Flemmich Webb talks to the Chemical Industry Association's director general about the future of the chemical industry
Like a teenager approaching adulthood, the chemical industry has been going through a lot of changes recently. Stung by accusations of a poor reputation among its stakeholders and a bunker mentality towards change, the industry has been forced to look at how it operates in a way it has never done before.
Holding the hand of its members through the beginning of this transition period has been the Chemical Industries Association (CIA), one of about 20 trade organisations that represent the chemical industry. Judith Hackitt, the CIA’s director-general, has been instrumental in making sure that the association shows leadership on the issues that need to be tackled if the industry is to prosper in the future.
Having taken over from Elliot Finer on 1 April 2002, she soon realised that in order to change attitudes within the chemical industry, the CIA would have to change too. “It needed to get back on an even keel,” she says. “I didn’t take the job to keep the ship sailing in the same direction.” Hackitt started refining the organisation in July, and by November the changes were complete.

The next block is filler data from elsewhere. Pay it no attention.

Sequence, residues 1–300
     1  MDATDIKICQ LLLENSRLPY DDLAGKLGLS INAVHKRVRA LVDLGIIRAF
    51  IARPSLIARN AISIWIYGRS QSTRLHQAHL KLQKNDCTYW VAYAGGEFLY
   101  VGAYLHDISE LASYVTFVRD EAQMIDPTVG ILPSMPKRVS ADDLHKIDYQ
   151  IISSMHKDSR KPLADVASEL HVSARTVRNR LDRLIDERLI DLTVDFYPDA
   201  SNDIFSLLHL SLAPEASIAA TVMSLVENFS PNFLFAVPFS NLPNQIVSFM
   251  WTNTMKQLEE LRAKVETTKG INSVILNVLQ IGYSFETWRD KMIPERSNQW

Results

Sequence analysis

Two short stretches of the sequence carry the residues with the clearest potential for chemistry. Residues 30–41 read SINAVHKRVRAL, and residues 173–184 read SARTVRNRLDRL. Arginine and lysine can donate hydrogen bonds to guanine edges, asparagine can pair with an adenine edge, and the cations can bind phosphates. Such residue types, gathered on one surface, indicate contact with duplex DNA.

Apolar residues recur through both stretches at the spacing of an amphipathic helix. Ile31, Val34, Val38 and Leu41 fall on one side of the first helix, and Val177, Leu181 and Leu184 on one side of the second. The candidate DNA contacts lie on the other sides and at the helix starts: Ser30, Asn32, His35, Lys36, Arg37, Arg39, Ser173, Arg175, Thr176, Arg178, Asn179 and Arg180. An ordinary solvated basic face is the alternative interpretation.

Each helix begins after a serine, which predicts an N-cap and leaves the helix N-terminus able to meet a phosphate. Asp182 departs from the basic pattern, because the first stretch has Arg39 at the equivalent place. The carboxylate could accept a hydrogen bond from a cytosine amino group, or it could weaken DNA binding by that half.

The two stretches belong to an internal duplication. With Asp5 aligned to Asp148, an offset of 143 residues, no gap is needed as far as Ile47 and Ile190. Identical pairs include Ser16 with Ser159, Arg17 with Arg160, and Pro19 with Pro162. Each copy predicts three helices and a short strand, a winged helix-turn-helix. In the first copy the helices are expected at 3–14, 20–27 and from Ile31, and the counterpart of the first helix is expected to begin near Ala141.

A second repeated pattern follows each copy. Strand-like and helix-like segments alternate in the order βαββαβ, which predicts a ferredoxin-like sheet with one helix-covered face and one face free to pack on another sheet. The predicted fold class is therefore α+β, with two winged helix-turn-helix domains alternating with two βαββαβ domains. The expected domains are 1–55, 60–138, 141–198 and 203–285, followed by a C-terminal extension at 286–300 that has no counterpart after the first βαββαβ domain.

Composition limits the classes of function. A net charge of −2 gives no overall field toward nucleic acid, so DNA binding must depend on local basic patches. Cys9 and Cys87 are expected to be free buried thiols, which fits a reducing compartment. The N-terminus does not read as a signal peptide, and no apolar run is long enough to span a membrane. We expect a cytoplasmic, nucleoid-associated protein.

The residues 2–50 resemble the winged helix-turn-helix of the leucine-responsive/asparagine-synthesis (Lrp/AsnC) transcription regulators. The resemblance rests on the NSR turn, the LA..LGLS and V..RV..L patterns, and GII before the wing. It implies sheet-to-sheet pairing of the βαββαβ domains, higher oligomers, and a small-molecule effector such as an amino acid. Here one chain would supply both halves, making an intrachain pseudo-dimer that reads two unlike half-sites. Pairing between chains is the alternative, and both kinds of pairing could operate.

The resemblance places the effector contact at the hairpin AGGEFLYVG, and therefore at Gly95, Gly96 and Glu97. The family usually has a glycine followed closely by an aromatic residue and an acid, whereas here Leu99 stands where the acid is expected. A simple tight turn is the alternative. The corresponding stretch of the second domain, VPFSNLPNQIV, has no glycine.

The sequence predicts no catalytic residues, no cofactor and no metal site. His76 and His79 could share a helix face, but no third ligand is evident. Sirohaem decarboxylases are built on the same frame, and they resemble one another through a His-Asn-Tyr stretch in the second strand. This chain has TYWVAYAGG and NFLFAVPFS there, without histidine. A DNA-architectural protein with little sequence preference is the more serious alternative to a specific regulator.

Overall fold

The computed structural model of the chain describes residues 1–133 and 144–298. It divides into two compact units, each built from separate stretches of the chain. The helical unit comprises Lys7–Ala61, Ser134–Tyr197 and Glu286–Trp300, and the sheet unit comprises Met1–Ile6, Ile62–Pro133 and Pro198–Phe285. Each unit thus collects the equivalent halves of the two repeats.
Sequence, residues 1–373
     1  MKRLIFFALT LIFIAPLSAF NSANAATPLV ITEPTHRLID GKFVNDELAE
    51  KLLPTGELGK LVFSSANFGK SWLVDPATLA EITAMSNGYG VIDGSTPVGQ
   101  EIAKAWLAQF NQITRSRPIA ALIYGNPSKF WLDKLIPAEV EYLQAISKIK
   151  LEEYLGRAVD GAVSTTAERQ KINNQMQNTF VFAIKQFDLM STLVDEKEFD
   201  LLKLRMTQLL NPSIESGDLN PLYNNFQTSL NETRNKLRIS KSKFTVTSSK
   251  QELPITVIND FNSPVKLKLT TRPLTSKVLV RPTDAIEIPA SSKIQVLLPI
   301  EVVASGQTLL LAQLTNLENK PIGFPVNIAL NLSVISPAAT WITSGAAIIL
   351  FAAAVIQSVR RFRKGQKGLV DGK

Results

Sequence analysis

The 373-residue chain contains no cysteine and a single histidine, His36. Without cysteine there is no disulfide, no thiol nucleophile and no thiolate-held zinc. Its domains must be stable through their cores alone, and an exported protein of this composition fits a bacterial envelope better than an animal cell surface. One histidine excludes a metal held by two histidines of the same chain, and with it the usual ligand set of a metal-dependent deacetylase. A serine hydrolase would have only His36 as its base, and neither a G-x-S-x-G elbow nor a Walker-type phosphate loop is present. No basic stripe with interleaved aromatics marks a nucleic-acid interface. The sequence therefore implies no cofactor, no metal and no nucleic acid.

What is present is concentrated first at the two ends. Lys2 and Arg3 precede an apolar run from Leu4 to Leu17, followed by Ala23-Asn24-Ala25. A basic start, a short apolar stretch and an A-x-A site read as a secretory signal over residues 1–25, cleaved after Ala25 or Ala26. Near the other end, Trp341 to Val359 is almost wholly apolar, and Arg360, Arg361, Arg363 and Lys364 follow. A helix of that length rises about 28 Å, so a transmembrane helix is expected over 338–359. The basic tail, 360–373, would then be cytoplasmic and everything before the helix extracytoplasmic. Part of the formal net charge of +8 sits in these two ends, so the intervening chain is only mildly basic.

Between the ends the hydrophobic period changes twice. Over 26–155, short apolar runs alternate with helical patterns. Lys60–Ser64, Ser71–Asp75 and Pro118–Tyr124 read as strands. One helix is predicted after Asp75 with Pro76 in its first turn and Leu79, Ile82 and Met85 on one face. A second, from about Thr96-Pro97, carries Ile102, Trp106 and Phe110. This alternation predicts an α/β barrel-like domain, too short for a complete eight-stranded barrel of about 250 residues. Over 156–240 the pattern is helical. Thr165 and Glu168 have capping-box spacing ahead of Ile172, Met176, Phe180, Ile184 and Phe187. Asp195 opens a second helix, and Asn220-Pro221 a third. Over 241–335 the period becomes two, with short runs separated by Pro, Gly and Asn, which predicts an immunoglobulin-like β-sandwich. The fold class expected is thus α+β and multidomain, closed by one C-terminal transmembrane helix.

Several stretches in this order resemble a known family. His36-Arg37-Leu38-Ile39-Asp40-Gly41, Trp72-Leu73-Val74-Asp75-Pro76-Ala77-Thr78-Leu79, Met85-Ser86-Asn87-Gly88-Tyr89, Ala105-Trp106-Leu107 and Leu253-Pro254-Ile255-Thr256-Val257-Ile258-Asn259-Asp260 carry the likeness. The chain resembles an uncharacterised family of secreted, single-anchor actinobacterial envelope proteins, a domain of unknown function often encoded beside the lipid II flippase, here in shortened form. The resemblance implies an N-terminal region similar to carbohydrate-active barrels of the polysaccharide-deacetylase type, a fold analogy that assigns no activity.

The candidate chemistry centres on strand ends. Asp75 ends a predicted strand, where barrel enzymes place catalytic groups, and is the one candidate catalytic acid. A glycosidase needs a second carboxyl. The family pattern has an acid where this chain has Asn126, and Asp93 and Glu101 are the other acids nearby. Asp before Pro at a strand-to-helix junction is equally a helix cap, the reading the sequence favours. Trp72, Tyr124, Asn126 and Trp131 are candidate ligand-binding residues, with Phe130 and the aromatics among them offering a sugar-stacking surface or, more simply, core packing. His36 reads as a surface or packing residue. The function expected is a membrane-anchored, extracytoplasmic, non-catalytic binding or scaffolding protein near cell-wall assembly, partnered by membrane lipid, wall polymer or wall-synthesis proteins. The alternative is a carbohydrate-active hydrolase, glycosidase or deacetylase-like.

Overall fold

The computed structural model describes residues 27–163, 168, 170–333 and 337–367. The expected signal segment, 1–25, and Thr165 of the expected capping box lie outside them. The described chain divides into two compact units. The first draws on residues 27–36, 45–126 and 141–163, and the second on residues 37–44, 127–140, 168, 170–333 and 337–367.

She then turned her attention to the industry itself. Although the CIA’s Responsible Care Programme – a voluntary code of self-improvement for the industry – has been running in the UK since 1989, a recent report from the Chemicals Innovation & Growth Team (CIGT) was highly critical of the sector. Among other things, it highlighted poor reputation among the public and the City, an absence of leadership within the industry, a lack of research and development investment, and current and future skill shortages.
This, Hackitt says, was the kick up the backside the industry needed. “I am very pleased with the report because it is a refreshing way of looking at the sector. The fact that it is qualitative rather than quantitative and talks about behaviours, leadership and culture is very challenging.”
As a response to some of the criticisms in the report, the CIA recently launched its Responsible Care Performance Goals (see EBM 82) which set a number of targets to do with health, safety and the environment to be achieved by 2010. This will feed into the CIA’s aim of creating a full set of sustainable development goals by the end of 2007.
It is a positive move for an industry not generally associated with upholding the values of sustainable development, but it has already attracted its critics, most of who argue that the targets are not challenging enough.
In its defence, Hackitt says that the CIA had to be pragmatic when setting the targets. “This is a process of getting the whole industry to commit to setting goals that they will be measured against. If we had set goals that are clearly beyond the reach of our members, we would not have been able to convince them to sign up to it. It is a compromise.”